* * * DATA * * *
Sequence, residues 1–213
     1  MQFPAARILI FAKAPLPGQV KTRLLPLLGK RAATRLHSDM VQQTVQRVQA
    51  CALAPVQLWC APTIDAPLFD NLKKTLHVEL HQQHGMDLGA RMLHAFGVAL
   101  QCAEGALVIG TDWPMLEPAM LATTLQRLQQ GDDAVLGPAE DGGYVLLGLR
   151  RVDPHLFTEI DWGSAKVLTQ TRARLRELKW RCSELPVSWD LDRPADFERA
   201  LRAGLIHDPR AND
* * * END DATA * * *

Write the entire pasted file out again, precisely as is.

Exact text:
Sequence, residues 1–213
     1  MQFPAARILI FAKAPLPGQV KTRLLPLLGK RAATRLHSDM VQQTVQRVQA
    51  CALAPVQLWC APTIDAPLFD NLKKTLHVEL HQQHGMDLGA RMLHAFGVAL
   101  QCAEGALVIG TDWPMLEPAM LATTLQRLQQ GDDAVLGPAE DGGYVLLGLR
   151  RVDPHLFTEI DWGSAKVLTQ TRARLRELKW RCSELPVSWD LDRPADFERA
   201  LRAGLIHDPR AND